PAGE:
Instead, acknowledge and praise positive behavior. Of course, if a student is being majorly disruptive, then you can address their bad behavior. But giving attention to positive behavior reinforces those types of behaviors.

This is the basic principle of ABA or applied behavior analysis. Using this method, the teacher strives to increase helpful behaviors and decrease behaviors that are a problem. This therapy works well for students with autism.

Focusing on behaviors rather than students when it comes to praise will help you reinforce the behaviors you want to see in your classroom.

Consistent Rules

The notion of “fair” is important to many students. Most students can tell when they’re being treated differently or have to follow a different set of rules than other students. Teachers need to apply the rules consistently across all students.

For example, when it comes to a dress code, it should be enforced equally across all genders and races. This prevents students from feeling singled out or attacked. It also helps build trust between students and teachers.

And when applying the rules, it’s the best practice for teachers to address the behavior of a student and not the student themselves. Make it known there are classroom expectations, but not faults within the student.

Active Presence

Regardless of age, it can be easy for students to get distracted. Because of this tendency, they need a constant presence supervising them. However, this isn’t an invitation to police your students. After all, as they get older, they should be able to work quietly on their own.

Positive reinforcement through nonverbal cues can reduce the physical and psychological distance between students and teachers, as reported by a study done by Janis F. Anderson. These nonverbal cues, like smiling and eye contact, can boost the positive feeling about the teacher and course material.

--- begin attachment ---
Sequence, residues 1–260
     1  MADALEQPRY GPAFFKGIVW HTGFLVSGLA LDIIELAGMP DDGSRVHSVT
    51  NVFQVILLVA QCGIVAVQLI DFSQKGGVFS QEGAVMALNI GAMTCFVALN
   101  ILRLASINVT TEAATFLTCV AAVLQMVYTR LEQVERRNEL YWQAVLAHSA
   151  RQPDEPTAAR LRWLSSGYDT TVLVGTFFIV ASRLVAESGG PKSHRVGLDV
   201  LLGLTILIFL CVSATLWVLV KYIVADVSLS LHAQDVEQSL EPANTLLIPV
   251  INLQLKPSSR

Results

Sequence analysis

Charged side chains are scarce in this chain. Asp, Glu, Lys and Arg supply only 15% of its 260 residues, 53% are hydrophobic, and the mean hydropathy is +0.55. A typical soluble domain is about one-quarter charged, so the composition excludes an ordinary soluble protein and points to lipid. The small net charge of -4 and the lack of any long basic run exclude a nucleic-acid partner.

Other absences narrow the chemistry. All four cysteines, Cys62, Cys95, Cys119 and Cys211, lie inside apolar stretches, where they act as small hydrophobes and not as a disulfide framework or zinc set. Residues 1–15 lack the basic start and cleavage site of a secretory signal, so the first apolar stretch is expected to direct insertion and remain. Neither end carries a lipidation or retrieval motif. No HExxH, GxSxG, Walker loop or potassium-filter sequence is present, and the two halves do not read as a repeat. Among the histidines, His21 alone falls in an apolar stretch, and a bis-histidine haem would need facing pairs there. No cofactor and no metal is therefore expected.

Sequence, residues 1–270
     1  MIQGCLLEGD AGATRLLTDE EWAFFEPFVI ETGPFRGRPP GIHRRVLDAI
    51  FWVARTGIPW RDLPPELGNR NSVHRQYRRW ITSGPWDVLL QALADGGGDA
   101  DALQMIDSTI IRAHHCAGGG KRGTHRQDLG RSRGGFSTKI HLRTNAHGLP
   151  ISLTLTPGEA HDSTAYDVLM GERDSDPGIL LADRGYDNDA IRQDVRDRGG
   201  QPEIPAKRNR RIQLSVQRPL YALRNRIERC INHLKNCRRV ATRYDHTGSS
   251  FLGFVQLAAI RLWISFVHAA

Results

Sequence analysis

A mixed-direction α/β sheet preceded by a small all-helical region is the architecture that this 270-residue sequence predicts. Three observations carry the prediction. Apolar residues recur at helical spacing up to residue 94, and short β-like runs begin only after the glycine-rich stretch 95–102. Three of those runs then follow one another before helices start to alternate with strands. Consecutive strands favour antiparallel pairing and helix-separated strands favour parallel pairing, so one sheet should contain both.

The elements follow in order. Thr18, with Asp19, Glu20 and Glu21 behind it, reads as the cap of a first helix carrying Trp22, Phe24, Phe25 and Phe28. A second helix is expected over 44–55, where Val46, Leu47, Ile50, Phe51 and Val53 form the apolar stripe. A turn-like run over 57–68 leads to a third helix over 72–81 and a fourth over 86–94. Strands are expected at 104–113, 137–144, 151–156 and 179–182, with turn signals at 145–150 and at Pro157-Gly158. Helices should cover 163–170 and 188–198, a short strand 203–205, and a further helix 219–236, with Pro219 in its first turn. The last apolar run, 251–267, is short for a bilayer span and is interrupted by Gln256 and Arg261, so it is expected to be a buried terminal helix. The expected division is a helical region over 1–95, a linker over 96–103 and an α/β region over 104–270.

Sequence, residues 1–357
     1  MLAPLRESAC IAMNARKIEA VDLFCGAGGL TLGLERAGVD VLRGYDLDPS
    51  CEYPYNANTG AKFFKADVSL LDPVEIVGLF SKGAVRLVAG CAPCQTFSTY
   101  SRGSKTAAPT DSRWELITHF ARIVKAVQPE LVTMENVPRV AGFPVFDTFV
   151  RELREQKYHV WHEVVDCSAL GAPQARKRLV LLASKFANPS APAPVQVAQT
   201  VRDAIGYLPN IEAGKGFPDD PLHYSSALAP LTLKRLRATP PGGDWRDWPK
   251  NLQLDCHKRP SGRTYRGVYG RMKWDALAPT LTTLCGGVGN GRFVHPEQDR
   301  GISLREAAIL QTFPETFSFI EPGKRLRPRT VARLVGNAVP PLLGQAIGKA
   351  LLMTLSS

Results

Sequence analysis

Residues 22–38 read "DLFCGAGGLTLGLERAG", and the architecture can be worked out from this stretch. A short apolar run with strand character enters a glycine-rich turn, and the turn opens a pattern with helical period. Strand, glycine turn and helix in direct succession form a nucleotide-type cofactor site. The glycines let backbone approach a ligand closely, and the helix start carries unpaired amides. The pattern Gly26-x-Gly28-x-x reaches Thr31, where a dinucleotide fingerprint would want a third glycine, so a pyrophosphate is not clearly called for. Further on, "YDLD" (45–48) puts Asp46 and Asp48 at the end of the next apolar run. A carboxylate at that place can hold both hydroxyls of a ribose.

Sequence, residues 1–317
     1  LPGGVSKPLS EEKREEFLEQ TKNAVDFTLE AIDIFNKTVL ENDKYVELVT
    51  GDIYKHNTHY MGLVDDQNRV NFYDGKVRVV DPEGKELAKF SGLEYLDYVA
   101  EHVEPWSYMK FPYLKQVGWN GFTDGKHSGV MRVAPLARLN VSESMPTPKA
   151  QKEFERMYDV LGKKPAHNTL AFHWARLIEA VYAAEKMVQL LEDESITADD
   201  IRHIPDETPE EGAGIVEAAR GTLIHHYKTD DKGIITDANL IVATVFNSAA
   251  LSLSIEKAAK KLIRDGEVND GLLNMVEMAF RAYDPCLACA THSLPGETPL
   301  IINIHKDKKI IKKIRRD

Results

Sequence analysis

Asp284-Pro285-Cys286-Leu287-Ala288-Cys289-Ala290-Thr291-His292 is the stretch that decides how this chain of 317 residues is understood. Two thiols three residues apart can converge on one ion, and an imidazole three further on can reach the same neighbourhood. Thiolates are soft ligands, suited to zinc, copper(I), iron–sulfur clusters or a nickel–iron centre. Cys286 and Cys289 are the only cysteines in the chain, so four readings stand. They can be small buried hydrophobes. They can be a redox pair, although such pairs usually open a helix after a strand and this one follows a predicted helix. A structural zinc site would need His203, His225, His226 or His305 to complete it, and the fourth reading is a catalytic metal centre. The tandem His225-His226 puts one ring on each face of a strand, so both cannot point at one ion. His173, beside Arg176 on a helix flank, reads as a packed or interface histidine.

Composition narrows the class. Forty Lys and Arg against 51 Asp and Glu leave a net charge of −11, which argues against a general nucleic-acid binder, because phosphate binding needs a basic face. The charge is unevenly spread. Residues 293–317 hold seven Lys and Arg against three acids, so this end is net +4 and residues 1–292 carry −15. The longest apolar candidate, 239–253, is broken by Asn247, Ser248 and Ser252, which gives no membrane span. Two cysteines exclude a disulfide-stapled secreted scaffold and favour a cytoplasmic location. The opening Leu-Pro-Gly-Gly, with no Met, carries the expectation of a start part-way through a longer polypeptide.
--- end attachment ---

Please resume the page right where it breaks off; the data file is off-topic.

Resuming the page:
Use this as an opportunity to walk around the room, check progress, or answer questions even when they’re doing solo work.

Greet Students Before Class

You want to set a positive tone for the entire day as soon as possible. Greeting students as they come into class can achieve that. For example, standing at the door and acknowledging them as they walk into the room. Many elementary teachers will stand at the door and offer students either a handshake, high-five, or hug. But as they get older, you may offer just to stand there and ask them about how they’re doing.

This offers connection right as they come in the door and before class even starts. It sets a tone for the day and helps increase engagement during class.

Classroom Management Tips for Teachers K-12

Every grade has its unique challenges, but what they all have in common is the need for good classroom management. Kids, no matter their age, can get unruly and distracted. But this shouldn’t discourage teachers or make them feel like they’ve lost control of their classroom.

Building relationships and employing the right strategies are the ideal combination for managing a classroom of students of any age. Both first-year and veteran teachers can benefit from these classroom management tips.